THE HAAR – The Haar (Nimbus Alliance NI6404)

The HaarVery rarely does an album appear unheralded and threaten to make a major impact. The Haar is one of those rarities. It appears that Cormac Byrne, percussionist to the gentry, and his musical partner Adam Summerhayes were on holiday in Ireland when they heard Molly Donnery singing in a pub – it’s the sort of thing that happens in Ireland. Later they played and sang together – something else that happens in Ireland – and liked the music they made. Later still, they recruited accordionist Murray Grainger and, without actually playing together as a band, into the studio they went.

The music here is organic in the best sense of the word, instinctive as only a fine singer and three experienced musicians can be. The songs are all traditional Irish although the opening track, ‘The King’s Shilling’, has a hint of Scotland about it. The set is constructed as though this was the order of recording, although I don’t know if that’s true. What I mean is that ‘The King’s Shilling’ starts almost tentatively with a drone on Adam’s fiddle and proceeds as though the musicians are following the singer. By the time we reach ‘The Creggan White Hare’ the four of them are really rocking.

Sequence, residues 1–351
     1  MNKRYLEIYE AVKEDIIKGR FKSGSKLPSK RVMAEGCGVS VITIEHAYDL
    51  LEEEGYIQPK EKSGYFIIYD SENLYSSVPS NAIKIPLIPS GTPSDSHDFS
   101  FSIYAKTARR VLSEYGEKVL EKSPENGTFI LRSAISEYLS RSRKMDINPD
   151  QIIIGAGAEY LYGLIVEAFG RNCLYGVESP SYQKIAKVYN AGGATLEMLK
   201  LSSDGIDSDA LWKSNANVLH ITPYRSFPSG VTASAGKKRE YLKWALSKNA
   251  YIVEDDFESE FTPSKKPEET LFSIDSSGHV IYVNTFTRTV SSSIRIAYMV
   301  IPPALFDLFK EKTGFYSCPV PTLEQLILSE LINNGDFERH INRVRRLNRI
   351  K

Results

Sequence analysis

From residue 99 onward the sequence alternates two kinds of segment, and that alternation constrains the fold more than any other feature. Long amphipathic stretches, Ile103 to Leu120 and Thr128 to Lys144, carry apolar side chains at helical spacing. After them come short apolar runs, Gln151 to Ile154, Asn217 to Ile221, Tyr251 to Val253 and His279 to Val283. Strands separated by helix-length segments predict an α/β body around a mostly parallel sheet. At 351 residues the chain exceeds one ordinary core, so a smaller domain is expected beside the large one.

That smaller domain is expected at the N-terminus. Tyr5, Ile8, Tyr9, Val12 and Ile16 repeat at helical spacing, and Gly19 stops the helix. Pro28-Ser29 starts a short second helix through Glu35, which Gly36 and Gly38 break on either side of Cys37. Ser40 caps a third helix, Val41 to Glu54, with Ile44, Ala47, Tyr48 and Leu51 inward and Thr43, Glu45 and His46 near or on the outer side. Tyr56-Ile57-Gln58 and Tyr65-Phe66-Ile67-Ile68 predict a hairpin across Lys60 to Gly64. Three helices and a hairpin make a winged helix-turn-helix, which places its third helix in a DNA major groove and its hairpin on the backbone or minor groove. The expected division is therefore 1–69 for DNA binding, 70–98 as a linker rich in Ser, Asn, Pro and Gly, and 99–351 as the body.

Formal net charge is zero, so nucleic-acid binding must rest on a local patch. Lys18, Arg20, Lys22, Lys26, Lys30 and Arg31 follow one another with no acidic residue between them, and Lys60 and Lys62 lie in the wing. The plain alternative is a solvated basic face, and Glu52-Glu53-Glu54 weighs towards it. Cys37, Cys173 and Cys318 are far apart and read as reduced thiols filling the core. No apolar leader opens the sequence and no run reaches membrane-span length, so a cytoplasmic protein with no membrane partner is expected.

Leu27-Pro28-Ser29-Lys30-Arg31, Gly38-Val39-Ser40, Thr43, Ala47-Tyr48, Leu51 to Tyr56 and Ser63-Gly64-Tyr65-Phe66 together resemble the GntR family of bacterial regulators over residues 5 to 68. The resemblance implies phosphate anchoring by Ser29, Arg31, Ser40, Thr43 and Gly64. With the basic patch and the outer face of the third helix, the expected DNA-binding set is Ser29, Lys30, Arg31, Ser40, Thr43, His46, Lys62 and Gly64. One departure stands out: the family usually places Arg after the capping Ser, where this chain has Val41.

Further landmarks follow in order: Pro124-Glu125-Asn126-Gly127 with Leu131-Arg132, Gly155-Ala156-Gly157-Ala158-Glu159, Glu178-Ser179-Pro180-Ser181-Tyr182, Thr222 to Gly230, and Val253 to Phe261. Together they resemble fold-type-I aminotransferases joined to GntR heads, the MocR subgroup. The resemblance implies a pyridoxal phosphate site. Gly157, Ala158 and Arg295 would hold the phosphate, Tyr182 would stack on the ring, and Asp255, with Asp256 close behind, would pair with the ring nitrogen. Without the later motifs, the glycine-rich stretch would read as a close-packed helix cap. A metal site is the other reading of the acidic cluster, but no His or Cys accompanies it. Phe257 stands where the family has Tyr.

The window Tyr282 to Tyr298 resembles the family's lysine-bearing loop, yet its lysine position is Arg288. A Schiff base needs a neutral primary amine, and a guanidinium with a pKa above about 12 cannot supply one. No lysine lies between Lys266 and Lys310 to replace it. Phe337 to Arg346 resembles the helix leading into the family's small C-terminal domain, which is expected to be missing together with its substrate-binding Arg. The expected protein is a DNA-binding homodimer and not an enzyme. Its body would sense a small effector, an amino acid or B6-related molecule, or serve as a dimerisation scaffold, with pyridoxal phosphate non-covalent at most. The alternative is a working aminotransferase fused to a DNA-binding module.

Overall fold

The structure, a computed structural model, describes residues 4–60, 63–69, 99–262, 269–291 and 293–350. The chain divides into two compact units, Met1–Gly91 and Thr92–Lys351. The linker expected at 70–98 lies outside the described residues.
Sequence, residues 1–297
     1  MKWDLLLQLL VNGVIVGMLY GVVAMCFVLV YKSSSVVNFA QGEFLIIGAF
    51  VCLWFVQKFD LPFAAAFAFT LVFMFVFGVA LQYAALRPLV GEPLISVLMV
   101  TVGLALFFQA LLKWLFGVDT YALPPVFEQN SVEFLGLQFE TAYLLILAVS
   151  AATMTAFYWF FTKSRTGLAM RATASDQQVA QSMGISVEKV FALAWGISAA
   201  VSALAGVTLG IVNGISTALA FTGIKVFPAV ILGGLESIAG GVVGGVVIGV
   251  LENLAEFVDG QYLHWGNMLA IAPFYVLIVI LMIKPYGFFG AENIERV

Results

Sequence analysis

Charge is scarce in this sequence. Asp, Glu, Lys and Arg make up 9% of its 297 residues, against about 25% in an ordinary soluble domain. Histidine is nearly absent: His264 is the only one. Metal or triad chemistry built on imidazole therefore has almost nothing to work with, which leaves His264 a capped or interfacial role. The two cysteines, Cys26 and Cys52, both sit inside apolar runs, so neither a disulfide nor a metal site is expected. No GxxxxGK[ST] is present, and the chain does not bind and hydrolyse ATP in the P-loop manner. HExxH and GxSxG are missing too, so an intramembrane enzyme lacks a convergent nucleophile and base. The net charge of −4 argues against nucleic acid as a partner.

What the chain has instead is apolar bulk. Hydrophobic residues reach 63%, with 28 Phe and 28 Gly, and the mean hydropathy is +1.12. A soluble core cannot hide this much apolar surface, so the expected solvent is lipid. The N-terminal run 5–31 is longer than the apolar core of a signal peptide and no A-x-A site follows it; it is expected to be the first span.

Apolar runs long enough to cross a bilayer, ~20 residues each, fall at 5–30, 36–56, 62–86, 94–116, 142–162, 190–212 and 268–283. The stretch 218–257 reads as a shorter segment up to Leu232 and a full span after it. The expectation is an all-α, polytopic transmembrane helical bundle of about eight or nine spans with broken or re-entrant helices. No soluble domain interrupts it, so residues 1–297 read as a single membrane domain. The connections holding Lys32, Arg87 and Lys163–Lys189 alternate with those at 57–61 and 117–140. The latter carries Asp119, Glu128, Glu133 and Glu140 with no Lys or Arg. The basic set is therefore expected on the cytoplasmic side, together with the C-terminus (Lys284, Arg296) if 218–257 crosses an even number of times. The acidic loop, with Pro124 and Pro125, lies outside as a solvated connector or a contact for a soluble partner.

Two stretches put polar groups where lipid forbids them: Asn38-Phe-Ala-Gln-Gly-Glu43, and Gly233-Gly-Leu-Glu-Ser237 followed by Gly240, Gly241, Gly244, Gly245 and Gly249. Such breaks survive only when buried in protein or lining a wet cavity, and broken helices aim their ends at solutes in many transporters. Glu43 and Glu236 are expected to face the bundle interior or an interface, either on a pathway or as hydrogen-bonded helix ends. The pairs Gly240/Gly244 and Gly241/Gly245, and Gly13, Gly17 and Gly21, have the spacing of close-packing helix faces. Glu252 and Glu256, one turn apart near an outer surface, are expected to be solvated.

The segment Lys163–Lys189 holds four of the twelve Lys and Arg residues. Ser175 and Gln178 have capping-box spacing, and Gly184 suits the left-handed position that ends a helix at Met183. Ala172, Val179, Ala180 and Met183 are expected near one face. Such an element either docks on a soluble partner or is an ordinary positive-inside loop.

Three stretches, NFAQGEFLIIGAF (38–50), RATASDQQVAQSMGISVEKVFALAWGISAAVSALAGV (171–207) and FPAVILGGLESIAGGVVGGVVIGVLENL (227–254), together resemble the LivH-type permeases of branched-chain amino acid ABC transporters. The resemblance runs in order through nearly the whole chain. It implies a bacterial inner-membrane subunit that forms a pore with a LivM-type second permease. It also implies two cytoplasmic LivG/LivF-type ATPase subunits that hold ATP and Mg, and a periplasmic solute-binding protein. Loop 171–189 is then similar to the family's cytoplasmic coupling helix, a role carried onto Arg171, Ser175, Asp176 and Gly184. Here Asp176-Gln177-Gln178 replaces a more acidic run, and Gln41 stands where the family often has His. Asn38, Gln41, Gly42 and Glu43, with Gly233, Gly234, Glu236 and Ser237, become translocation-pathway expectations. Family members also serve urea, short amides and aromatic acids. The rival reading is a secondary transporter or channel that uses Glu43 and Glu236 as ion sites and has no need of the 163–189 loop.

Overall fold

‘The Green Fields Of Canada’ also begins gently and makes a pair with ‘The Emigrant’s Farewell’ – two songs of emigration to escape from poverty. The closing ‘Craigie Hills’ covers the same ground but in an optimistic mood although we don’t know if the young man did achieve “honour and promotion”.  Strangely, The Haar omit the verse, found in Paddy Tunney’s version, that makes it plain that this journey is forced by economic circumstances and not some youthful adventure.

The nine tracks on the album are all quite long – ‘Siúil A Rún’ clocks in at eight minutes – and the players have time to develop their musical ideas. Byrne’s bodhran and percussion are particularly striking, Grainger doesn’t let the accordion dominate – the balance is nicely judged – and Molly Donnery can lament and celebrate with equal ease. The Haar is a fine album and, no, I’ve no idea what the cover image represents but I’m sure I’ll find out one day.

Dai Jeffries

Artists’ website:

‘Anachie Gordon’ – not on the album but you try making videos in lockdown:

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